Cape Town-born, New York-based artist, Rohil Aniruth has fully immersed himself in several creative mediums. He’s found success as a writer, filmmaker, and game designer for his socially conscious, subversive, and at times, darkly comedic work centered around interpersonal connection and identity. Now Rohil brings his creative sensibilities to Run Me Back, an experimental hip hop EP sharply contemplating his place in America and the process of building and defining “home” in a new country while staying true to your roots.
The project juxtaposes the trying experiences of the U.S. immigration process, with witty American pop-culture references — and contextualises Rohil’s observational humour through his upbringing as a South African Indian during a newly post-apartheid era. The EP boldly discusses race, cultural consolidation, and lightly satirises the nature of contemporary discourse.
Rohil moved to New York at eighteen as an international student, studying at New York Film Academy, then later graduating from The New School with a degree in Design & Technology. Rohil’s unique voice quickly propagated the internet through his cultural commentary on The Huffington Post, CollegeHumor, and Hyperallergic.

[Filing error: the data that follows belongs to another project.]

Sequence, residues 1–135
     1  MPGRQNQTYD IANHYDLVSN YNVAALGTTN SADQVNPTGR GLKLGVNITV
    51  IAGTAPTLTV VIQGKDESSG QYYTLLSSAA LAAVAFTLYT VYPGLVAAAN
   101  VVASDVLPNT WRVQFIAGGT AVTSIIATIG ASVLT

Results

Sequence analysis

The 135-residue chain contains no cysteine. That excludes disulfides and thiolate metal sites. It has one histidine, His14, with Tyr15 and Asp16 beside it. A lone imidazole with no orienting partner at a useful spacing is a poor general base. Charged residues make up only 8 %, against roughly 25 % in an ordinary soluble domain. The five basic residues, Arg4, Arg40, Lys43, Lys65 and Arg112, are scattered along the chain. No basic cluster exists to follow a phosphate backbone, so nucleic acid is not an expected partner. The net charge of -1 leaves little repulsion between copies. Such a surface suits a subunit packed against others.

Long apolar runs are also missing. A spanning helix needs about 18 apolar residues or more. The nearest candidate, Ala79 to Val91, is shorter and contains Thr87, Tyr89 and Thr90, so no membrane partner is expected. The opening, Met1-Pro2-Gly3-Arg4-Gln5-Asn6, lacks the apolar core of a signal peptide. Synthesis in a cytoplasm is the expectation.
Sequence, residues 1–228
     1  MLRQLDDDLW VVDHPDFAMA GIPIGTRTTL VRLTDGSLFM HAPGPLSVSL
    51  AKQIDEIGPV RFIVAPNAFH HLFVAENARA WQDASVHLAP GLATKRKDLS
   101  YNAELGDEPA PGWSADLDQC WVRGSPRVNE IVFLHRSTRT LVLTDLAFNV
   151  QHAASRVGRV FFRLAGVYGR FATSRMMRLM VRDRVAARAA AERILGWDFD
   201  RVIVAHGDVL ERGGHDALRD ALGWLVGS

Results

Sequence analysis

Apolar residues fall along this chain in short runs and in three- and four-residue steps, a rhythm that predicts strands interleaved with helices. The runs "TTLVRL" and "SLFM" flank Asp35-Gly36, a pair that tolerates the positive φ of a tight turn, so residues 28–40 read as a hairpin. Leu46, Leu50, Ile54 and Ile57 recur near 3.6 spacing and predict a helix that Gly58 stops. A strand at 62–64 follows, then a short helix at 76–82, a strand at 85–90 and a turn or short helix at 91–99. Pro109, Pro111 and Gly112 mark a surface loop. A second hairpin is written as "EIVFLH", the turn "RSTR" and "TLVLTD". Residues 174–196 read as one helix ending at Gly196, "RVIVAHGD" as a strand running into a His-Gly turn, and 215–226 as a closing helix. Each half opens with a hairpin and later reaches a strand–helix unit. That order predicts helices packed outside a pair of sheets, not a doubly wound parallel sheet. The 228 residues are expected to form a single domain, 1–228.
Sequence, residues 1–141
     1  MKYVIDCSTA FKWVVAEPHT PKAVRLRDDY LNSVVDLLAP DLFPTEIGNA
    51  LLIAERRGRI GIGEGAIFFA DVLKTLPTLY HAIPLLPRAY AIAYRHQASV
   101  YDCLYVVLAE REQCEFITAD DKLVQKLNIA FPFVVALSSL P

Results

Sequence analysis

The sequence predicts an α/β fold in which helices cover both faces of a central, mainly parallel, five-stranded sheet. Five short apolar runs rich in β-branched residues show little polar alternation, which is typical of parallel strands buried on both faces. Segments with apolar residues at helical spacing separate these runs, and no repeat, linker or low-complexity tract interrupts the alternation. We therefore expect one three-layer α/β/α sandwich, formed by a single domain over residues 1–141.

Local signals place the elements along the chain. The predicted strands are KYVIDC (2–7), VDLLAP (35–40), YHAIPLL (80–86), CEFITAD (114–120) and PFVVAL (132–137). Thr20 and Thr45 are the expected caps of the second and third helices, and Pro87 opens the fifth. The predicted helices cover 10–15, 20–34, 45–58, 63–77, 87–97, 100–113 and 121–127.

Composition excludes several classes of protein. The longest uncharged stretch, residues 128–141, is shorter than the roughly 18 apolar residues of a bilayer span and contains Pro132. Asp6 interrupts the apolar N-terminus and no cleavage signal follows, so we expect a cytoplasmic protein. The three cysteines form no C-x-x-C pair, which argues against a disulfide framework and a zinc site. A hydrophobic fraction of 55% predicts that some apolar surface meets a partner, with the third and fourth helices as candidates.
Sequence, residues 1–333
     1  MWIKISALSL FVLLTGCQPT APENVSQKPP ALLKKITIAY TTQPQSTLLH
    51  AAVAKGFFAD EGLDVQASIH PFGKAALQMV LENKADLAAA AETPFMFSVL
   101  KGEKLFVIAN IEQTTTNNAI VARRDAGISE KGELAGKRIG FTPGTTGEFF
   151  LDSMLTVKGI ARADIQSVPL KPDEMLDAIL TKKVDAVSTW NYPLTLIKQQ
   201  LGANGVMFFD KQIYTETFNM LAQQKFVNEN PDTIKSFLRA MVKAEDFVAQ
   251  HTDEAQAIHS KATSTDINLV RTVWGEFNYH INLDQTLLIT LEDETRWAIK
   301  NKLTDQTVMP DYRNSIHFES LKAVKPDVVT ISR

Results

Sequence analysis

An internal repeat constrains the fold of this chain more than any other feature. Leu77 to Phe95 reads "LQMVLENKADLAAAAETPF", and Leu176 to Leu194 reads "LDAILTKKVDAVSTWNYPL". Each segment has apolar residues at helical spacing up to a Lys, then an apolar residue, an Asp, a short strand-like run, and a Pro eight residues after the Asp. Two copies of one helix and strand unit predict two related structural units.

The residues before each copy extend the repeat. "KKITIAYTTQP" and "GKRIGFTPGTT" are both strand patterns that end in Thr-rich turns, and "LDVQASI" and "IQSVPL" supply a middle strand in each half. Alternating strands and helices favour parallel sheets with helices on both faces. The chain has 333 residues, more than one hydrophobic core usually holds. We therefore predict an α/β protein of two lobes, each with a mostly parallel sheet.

His video games garnered attention with exhibitions at The Microsoft Technology Center in Time Square and New York’s beloved Babycastles – securing him a place as a designer on popular mobile franchises like Pop-The-Lock with 30+ million downloads. During this time, Rohil also became an irreplaceable member of New York’s emerging music scene, working with artists like Santangelo and Quiet Luke, and beginning the initial writing process for his EP.
Still, it was during a radio interview on Cape Town station, ONE FM 94.0, about his film Self-Love for HBO’s APA Visionaries festival, where the core mission behind Rohil’s hustle became clearer. Rohil is using his work to create spaces that fearlessly showcase diverse and often marginalised voices and championing self-actualisation. These pursuits continue firmly through the vulnerable yet self-affirming lyricism in Run Me Back.